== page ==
the artist


Gyotaku, meaning fish rubbing, originated in Japan less than 200 years ago. The art, without going into great detail, involves transferring the image of a fish, using inks or paints, onto paper or fabric. Early Gyotaku was used to document a fisher's catch much like fish mounts are used today. In Japan fish prints have even been used to determine the outcome of fishing competitions.

Gyotaku was only recognized as a legitimate art form about 50 years ago. Today, the art, while still in its infancy, is undergoing evolutionary changes and greatly gaining in popularity and areas of exposure.

Conservation Printing: Kim and Ian feel very strongly about conservation and the protection of our environment. They do not use the fish and other organisms they print just for art. Most of their subjects, with the help of Kim's culinary talents, become delicious meals. Others, considered inedible, become bait to catch new subject material.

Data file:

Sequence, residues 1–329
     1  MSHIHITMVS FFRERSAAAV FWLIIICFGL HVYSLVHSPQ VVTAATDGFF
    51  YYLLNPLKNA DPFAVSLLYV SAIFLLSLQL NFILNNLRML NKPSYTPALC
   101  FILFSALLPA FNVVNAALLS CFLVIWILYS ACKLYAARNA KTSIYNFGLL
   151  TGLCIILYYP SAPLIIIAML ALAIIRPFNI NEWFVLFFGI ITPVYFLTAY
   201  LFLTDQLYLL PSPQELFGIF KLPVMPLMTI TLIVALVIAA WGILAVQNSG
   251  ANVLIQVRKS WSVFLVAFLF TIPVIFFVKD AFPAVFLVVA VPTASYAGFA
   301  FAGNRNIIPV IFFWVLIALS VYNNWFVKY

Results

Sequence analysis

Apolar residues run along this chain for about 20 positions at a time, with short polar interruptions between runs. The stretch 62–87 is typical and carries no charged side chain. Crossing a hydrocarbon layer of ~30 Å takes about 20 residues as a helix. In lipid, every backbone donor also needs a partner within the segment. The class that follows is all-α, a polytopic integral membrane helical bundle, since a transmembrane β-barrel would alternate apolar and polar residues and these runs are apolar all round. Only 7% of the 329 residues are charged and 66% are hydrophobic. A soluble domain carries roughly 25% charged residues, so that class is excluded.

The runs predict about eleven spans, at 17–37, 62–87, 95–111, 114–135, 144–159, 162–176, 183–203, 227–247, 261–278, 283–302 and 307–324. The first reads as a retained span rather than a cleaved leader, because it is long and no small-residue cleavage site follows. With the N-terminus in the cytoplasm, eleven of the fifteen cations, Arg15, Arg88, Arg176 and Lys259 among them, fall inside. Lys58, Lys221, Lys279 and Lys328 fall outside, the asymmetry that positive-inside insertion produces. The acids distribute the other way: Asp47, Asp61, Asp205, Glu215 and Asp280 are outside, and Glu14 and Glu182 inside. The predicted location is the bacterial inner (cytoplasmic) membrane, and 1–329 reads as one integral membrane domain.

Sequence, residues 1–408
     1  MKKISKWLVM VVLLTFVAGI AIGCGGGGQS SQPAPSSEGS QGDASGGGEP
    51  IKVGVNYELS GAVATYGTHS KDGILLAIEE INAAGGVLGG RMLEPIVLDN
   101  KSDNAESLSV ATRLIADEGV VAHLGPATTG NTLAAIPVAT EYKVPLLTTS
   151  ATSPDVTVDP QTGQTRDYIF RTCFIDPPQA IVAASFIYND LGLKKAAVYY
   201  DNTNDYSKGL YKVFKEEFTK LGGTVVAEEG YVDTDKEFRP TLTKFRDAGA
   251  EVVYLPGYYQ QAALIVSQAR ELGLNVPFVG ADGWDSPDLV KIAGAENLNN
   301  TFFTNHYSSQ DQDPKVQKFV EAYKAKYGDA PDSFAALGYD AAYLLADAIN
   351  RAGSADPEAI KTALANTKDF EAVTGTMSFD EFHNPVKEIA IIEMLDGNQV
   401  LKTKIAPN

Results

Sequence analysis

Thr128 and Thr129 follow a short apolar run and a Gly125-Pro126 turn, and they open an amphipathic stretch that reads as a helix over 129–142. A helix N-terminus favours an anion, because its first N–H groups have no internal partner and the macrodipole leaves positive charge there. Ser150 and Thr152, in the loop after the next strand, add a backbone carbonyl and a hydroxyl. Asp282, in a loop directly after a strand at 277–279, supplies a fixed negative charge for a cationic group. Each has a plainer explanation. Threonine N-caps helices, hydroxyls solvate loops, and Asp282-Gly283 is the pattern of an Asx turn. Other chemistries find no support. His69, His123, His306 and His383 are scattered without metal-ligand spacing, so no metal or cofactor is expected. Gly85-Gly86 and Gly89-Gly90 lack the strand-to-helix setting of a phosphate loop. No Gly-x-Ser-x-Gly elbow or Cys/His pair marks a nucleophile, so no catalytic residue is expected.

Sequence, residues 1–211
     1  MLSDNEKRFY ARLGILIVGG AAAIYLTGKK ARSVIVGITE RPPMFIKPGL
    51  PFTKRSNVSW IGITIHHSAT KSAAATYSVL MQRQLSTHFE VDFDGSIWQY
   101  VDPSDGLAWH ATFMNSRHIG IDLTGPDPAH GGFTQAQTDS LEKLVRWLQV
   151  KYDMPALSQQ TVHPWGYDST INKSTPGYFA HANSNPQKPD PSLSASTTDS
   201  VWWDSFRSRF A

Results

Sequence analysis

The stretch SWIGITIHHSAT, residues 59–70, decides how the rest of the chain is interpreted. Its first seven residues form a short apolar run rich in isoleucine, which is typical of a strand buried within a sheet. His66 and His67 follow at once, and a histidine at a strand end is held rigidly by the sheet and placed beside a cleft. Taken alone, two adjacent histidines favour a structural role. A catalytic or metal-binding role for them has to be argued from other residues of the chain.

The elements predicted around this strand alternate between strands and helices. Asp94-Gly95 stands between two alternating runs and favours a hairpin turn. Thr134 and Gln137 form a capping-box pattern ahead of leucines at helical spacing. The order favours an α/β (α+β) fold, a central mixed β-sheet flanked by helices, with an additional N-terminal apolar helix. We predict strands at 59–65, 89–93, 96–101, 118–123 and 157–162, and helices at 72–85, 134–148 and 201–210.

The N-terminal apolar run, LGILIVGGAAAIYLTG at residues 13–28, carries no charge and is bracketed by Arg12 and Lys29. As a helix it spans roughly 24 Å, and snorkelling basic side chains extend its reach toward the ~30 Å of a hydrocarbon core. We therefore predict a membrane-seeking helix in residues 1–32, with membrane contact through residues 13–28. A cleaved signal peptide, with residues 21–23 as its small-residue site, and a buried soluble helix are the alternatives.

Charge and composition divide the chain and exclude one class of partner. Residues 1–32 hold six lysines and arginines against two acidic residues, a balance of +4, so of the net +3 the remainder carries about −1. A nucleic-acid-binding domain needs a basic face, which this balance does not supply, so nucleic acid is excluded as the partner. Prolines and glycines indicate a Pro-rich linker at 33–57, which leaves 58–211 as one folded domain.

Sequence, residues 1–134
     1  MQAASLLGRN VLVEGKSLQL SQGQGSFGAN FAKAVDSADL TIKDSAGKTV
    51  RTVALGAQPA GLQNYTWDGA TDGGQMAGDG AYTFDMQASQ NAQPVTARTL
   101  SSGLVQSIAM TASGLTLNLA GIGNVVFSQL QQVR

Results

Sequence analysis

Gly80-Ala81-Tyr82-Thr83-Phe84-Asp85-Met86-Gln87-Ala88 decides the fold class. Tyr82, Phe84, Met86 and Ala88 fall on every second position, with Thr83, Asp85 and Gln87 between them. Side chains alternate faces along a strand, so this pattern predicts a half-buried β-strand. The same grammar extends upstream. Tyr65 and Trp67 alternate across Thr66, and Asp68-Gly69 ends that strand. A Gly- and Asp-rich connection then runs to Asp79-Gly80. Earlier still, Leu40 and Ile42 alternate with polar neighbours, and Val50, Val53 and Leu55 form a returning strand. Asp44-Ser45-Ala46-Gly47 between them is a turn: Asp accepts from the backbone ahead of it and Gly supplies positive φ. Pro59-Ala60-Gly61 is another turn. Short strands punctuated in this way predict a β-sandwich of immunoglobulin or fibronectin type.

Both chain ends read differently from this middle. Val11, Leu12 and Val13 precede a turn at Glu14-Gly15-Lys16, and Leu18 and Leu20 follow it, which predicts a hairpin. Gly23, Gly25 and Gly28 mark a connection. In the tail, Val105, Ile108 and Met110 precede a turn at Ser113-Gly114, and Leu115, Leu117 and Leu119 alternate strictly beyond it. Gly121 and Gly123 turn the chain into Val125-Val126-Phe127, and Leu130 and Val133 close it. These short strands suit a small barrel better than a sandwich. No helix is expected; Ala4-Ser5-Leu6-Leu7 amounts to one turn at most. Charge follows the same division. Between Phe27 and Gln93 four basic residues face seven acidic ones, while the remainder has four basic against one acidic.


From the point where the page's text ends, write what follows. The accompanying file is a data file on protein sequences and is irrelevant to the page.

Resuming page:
Collage: Collage techniques are used to gain texture and increase dimension.

Batik: Batik and Gyotaku compliment each other and provide a merging of old (batik dates back to the eight century) and new oriental art forms.

Copyright (c) by Kim and Ian Workman, 2005-2012
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